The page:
Gregg: Yeah, I’ve sometimes found that, when I talk truthfully about my career. I grew up with a brother who was listening to Deep Purple and Black Sabbath and Emerson, Lake & Palmer. But I’ve always loved big band music and have played it for a long time. I got Buddy’s Roar of ’74 album in 1974. I’m proud of things like winning a Louis Armstrong Jazz Award, as well as the Slingerland Louie Bellson National Drum Contest at Frank’s Drum Shop in Chicago, when I was in high school. And it’s obvious when you watch me play that I’ve got jazz in my background. But, for instance, we just read this thing where they said, “With a haircut like that, you wouldn’t think it would be conducive to swinging.” Really, dude? Does that matter? And Cathy talks about this: Buddy himself would say, “You either know how to play the drums or you don’t know how to play the drums.” He accepted all types of drummers.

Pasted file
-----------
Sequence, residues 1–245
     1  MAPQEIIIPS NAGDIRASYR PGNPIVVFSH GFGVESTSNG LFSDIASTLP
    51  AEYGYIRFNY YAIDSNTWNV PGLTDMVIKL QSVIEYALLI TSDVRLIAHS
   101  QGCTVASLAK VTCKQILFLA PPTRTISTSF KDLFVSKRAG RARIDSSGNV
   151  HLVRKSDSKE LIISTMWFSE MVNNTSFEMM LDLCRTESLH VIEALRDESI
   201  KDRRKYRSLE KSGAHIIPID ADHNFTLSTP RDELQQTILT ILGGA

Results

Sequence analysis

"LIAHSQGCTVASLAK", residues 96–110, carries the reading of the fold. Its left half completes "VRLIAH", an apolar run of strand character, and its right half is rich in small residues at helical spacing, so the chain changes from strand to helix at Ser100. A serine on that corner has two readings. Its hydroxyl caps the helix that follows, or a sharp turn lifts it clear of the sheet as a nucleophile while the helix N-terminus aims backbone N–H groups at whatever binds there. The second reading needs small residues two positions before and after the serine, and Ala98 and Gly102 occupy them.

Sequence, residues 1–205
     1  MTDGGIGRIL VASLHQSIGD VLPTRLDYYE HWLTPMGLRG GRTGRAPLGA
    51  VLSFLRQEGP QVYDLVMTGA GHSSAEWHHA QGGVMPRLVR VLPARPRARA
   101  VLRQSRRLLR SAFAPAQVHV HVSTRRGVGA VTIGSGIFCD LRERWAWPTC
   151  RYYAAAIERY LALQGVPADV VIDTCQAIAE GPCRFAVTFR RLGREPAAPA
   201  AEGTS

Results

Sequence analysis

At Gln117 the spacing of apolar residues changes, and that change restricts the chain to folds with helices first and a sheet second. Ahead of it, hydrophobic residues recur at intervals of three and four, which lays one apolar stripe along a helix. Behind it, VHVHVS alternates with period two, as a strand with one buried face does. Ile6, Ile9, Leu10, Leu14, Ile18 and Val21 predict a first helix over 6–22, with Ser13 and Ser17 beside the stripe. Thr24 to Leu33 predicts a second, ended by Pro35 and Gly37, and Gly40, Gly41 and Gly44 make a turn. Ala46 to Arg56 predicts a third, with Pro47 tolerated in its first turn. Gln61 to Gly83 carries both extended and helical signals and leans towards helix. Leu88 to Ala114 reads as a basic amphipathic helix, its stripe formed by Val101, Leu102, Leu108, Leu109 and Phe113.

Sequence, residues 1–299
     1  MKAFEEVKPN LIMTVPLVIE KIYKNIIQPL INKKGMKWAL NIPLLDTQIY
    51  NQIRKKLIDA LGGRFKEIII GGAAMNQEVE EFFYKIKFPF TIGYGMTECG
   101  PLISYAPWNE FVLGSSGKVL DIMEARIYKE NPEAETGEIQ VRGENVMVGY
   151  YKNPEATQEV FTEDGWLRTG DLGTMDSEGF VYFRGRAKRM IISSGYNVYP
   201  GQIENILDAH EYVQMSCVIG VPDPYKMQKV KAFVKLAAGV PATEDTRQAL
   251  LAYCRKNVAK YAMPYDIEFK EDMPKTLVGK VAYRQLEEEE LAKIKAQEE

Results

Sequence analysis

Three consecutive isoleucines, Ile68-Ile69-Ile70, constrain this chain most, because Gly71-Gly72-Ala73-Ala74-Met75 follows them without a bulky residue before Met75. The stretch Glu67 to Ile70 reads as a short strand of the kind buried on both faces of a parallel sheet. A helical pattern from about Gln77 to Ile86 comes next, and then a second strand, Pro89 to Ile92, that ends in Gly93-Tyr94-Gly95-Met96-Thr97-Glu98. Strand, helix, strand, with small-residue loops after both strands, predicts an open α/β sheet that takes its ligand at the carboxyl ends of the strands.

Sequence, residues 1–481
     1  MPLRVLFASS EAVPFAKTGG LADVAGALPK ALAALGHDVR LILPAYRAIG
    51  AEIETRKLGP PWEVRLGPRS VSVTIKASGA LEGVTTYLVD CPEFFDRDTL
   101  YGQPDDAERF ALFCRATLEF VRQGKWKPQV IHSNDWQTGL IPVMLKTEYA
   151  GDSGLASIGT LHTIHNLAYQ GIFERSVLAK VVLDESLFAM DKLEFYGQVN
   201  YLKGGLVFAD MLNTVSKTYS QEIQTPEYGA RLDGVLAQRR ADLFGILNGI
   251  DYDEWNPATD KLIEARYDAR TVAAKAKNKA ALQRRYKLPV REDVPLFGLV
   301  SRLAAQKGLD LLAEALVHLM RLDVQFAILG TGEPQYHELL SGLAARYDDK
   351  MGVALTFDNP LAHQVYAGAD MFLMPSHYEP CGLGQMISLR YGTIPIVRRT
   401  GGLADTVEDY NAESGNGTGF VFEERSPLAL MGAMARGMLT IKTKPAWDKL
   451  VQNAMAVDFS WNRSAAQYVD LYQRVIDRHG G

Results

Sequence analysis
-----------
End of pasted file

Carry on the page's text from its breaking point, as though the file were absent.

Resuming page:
If you watched me back when I was on MTV during the glory days of MTV, those cymbal hits and stuff are more from Buddy than from rock sources. The finesse of Buddy’s playing has definitely been in my mind since the beginning. You can always see who’s been influenced by whom.
It’s interesting—this tour is covering state fairs, with a couple thousand people from all different walks of life, as well as theaters and some hip jazz clubs. Now, the hipsters in the clubs give you that arrogant thing. I mean, I’m putting double bass in “Nutville,” and that’s sacrilegious to some. But then the audience comes in, including people who are total Buddy fans, and they love it. I’ll still hear, “So, who’d you play with? Where do you come from?” And they want you to say, [in a mock hipster voice] “Yeah, man, I dig Coltrane and Miles….” They don’t want you to say, “Hey, do you remember when Tommy Aldridge played double bass with the Pat Travers Band—now that was interesting.” [laughs]
MD: You tell a story about when you met Buddy, for the second time, on his tour bus, and that when you shook his hand you were struck by the complete lack of calluses. What do you chalk that up to?